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Tuesday, February 21, 2012
At The Head of The Woods/Blood of The Black Owl - Split (2011)
Country: Portland, Oregon/Seattle, Washington
Style: Post-Rock/Dark Ambient
Label: Handmade Birds
Within the underground black metal community the two artists on this split are held in quite a high regard. Though I am not all that familiar with At The Head of The Woods' album, I know that it is thought of very highly, and I am a fan of Blood of The Black Owl and I am aware that it is a project that has garnered quite a notable amount of acclaim for their last few releases. This collaboration has been planned for a little while as far as I know and the always great Handmade Birds was able to get their hands on it to release it.
Since there are only two tracks on here, it should be obvious that each project contributed a single song, so starting the album off is James Woodhead's At The Head of The Woods. This track, the shorter of the two by about a minute, is the first new material, I believe, he's released since the project's debut in 2008. The track itself is very solemn and contemplative but instead coming off as more ritualistic piece of doomy post-rock. Like post-rock, the track builds, but it's more of a subtle build that steadily climaxes and falls throughout the course of its twenty-four minutes. I won't deny the influence and inclusion of drone and ambient music in the track though, as the track contains large portions of relative minimalism within it. What probably caught me most off guard about the track was the almost Led Zeppelin-esque guitar sound that was used throughout the second half of the track. I'll admit that it might just be me, but it really did bring to mind Zeppelin for me and I found that entire second half of the track to just come alive in part because of that guitar sound and how it was played. I really enjoyed the track even though it was pretty different from what I was expecting it to sound like.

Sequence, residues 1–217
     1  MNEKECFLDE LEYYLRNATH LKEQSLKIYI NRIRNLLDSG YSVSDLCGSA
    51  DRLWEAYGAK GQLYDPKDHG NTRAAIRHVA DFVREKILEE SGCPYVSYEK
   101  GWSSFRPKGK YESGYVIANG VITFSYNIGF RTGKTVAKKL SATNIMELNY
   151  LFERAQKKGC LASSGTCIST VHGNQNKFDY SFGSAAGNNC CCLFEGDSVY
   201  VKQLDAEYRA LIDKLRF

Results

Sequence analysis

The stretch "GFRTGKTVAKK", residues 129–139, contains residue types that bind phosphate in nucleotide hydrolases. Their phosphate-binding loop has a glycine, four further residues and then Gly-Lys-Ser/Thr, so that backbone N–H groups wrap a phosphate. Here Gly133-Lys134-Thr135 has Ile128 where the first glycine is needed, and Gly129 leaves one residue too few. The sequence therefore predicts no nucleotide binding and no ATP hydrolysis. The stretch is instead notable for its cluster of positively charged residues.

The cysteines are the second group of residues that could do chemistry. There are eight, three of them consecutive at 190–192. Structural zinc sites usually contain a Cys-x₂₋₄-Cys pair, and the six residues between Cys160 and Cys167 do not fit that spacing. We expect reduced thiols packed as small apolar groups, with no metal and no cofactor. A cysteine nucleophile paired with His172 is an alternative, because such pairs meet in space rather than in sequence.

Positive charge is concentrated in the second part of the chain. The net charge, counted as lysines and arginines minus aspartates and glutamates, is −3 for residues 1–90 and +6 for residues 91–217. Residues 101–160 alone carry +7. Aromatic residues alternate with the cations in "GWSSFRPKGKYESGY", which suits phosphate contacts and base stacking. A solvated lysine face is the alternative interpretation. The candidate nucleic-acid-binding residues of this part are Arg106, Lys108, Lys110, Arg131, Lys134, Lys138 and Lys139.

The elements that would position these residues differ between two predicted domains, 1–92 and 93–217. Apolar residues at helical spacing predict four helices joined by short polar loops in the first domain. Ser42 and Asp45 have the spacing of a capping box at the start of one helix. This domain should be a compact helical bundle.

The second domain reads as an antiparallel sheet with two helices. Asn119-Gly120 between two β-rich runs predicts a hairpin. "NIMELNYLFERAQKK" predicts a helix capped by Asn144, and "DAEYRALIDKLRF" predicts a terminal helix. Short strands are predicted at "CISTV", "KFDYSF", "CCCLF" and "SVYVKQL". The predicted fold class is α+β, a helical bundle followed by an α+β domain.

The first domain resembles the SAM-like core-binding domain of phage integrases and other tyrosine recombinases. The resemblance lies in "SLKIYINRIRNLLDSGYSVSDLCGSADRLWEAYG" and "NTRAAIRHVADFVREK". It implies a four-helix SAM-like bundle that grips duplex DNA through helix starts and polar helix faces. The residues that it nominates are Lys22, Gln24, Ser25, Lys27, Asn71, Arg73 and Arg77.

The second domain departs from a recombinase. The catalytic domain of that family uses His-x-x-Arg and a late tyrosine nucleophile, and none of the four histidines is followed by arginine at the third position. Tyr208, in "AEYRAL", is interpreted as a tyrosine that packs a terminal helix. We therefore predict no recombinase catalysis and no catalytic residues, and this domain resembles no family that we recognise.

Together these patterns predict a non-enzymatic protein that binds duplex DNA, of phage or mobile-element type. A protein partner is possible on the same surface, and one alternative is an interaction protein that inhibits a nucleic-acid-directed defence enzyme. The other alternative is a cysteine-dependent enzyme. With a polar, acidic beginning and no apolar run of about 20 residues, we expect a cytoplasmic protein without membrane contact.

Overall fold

By comparison, Chet Scott's Blood of The Black Owl track is far more solemn and meditative than Woodhead's track. If you've heard 2010's The Banishing Ritual, the project's latest full-length (though the new one was supposed to be released last year), it becomes clear that this track was definitely recorded during the same session. It contains similar ideas while not being as "heavy" as that album was, but definitely retains the cold and dark atmosphere from that album. Despite the project's beginnings in funeral doom and black metal, and various combinations of those genres and sub-genres, the project's most recent outputs (once again, haven't heard their supposed 2011 album yet) has been dwelling much more within the realms of ritualistic ambient music, dark ambient drones, and the occasional heavy doom part, but metal has been left, for the most part, behind with the recordings from at least this session. While most of the track is, honestly, pretty monotonous, there were a couple of things that did catch my attention and perk up my ears when I heard them, including the sparse acoustic guitar, organ, theremin, and flute lines that littered the track.
I do like this release, overall, though I definitely see that it can be a bit lengthy and a bit of a tiring listen if you're not all that into slow moving, rather quiet music. Despite it's good intentions and interesting ideas, it will likely be more of a fan-favorite sort of release, and most likely won't end up being a huge mark in either project's discography. It's certainly not a release for everyone, but if you can appreciate what I think can be termed as "ritualistic ambient" music, or my own term "shamanistic doom", than I think you'll definitely find something in either, or both, tracks to appreciate.
Overall Score: 7.5
Highlights: Here I Stand